Per Mertesacker has spoken openly about his humbling experience working part-time in a psychiatric hospital when he left school.

When he left school, Per had the choice of either serving in the military or doing a ‘social year’ while he played football. The German picked working his social year part-time in a psychiatric hospital, which he admits was a humbling experience.

“When I finished school, I had to serve the country either in the military or by doing a social year,” the 33-year-old told Arsenal Player. “I decided to do a social year while I was playing football, so the club had a few links with mental hospitals and I chose one of those and they offered that I can train in the morning and serve in the afternoon and help people out.

“At first I thought, ‘Can I deal with that? Can I deal with people not knowing me?’ but they just needed help to get food, to go to the toilet, to go to bed, to get dressed, everything. They just needed 24/7 help.

“But I felt like I could handle it and the most important part was I felt I could work in the morning and go there and do my job and serve the country, but serve the patients as well and see what it’s about when you really struggle with your life. 

“It kept me going and kept me seeing the world in a different way, a totally different way, so when you experience first-hand what it’s about, when you really struggle, when you really need help from other people, it keeps you down to earth… that was a humbling experience for me.

“When I look back to that time, that was a really healthy balance for me to grow and to see what it means on the one hand living in a world of highlights, in a world of beauty and people recognising you, people showing up for a game with 40,000 fans in the stands, and then on the other hand the hidden guys who need 24/7 help and do not recognise you.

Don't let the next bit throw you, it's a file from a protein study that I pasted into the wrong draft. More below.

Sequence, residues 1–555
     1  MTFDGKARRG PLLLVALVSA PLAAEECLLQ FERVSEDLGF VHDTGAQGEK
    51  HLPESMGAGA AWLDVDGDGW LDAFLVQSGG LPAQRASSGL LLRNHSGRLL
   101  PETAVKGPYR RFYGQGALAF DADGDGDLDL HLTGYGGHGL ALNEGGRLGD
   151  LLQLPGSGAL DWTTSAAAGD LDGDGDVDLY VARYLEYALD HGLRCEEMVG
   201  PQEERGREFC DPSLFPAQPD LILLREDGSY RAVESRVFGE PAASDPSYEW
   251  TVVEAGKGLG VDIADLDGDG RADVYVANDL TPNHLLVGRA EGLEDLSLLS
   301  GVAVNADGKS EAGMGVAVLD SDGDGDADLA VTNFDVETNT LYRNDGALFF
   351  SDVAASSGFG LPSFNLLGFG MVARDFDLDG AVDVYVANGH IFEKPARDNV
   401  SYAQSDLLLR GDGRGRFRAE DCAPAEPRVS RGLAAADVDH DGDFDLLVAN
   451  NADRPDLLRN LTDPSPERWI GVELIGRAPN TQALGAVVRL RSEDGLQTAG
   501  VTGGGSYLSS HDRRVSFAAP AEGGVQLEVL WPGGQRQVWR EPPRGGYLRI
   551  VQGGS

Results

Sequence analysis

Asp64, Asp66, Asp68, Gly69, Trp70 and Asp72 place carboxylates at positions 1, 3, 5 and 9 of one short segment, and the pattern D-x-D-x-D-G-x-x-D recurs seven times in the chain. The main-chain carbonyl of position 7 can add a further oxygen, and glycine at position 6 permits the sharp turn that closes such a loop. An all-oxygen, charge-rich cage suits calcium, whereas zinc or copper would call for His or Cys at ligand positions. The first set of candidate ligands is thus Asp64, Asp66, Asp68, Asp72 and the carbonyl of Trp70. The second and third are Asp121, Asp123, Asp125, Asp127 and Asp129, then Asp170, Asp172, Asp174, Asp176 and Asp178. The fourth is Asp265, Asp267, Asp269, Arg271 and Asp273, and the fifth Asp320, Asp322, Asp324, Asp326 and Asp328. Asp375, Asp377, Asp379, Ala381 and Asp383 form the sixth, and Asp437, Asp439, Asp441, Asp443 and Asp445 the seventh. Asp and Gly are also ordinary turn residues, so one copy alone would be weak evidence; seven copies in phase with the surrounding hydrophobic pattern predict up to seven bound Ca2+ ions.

“I think that was the best experience I had. That really kept me going, growing not only as a person but as a footballer.”

The more the centre-back speaks personally, the more fascinating he becomes.

Per is set to take over as head of the Arsenal academy when his playing contract expires at the end of the season and part of that, he explained back in August, is so that he can help the younger players overcome adversity. He believes that youngsters don’t currently have that sort of support and aren’t taught how to win, lose and be humble, which is something he obviously learned early on in his career.

Per isn’t just a leader on the pitch, he’s a leader off it and that’s perhaps what Arsenal need. It’s one thing having a big bloke who will go out on a Saturday afternoon and verbally kick the players who aren’t pulling their weight around the pitch but it’s another to have someone who will genuinely listen and lift you behind the scenes.

We have both in Per.